Century of Endeavour
Albert Kahn Foundation: 1910s
(c) Roy Johnston 2003(comments to rjtechne at iol dot ie)
(This includes some minor addenda from my sister. RJ 29/08/01.)
Albert Kahn Foundation: BackgroundThe Deed of Foundation of the UK Centre for the AK Travelling Fellowships is dated 1910, and I have a copy. It is in the form of an agreement between Albert Kahn, of Paris, France, Banker, and the University of London, the latter being represented by Baron Loreburn (Lord High Chancellor of Great Britain), Baron Alverstone (Lord Chief Justice of England), JW Lowther (Speaker of the House of Commons), HA Miers (Principal of London University) and Baron Avebury. These were the initial Trustees.
I am indebted to the Librarian of University College London for a chance, on May 7 1998, to examine the Minutes of the meetings of Trustees and associated correspondence.
The Vice-Chancellors of all Universities in the UK, including the NUI and QUB and Dublin University, had the right to nominate candidates for the Fellowship. There were seven applicants for the first round of Fellows in 1910; two were appointed: S Ball, 53, philosophy, economics and political science; also EA Banians, 29, colonial history, Canadian economic development, historical and political geography, said to be politically a Liberal. The five other candidates were specialists in colonial constitutional law, history, philosophy, psychology, local taxation and English literature; their ages ranged from 37 to 53.
The 1911 Fellows appointed were Ivor Back, 31, medicine and surgery, and DH McGregor, 33, economics. Other applicants, of which there were eight, ranged in age from 21 to 38, and were specialists in mediaeval history, economic history, early English literature, maths and physics, geography, forestry and medicine. Most were over 30, and the 21-year old was a raw student, a trainee teacher. I have a copy of the Ivor Back Report (1911-12); it is an ill-structured chatty memoir, without table of contents or index, in the tradition of the English 'grand tour' traveller. I conjecture that the Albert Kahn Trustees would not have been pleased with it, and wanted to upgrade the standard.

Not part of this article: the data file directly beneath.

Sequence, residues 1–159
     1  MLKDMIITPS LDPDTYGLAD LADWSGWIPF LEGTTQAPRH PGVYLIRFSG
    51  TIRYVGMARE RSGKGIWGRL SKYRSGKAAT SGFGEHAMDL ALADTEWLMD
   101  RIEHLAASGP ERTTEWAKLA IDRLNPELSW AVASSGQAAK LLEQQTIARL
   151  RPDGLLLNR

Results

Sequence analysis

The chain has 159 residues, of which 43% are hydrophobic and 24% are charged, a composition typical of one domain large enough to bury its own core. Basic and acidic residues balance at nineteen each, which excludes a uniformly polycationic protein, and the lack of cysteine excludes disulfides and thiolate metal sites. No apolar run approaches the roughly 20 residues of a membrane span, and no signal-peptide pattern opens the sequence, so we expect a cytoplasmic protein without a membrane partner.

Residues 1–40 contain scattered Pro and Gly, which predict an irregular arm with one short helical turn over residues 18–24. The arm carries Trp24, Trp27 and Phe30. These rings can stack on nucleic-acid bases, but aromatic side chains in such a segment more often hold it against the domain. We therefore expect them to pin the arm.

The emphasis on politics, economics and geography continues in 1912, when there were 10 candidates, including HAL Fisher, whom JJ knew in Oxford. It is possible that it was Fisher who initially gave JJ the idea that he might apply, though he subsequently attributed the influence to Mahaffey, when in TCD. The successful candidates in 1912 were GL Dickenson, 49 (classics, history, political science) and PM Roxby, 31 (geography). The others were specialists in modern history (Fisher), religion, local government, education, zoology, economics; there were two colonial historians. I have also the Dickenson Report, dated October 1913. This is more scholarly in structure, with sections devoted to India, China and Japan, in the form of essays, in which he attempts to bring out what he sees as essential features in the culture.
After this the record gives less detail; we just get the successful ones. In 1913 we have Douglas Knopp from Sheffield, and in 1914 Joseph Johnston, AJ Ogilvie and WT Layton. The latter two however joined up for the war. There is a long gap then until 1920, when we get John Ewing from Edinburgh and Eileen Power from Cambridge, and then in 1922 Leonard Halford and Dudley Baxton from Oxford. The record then ceases.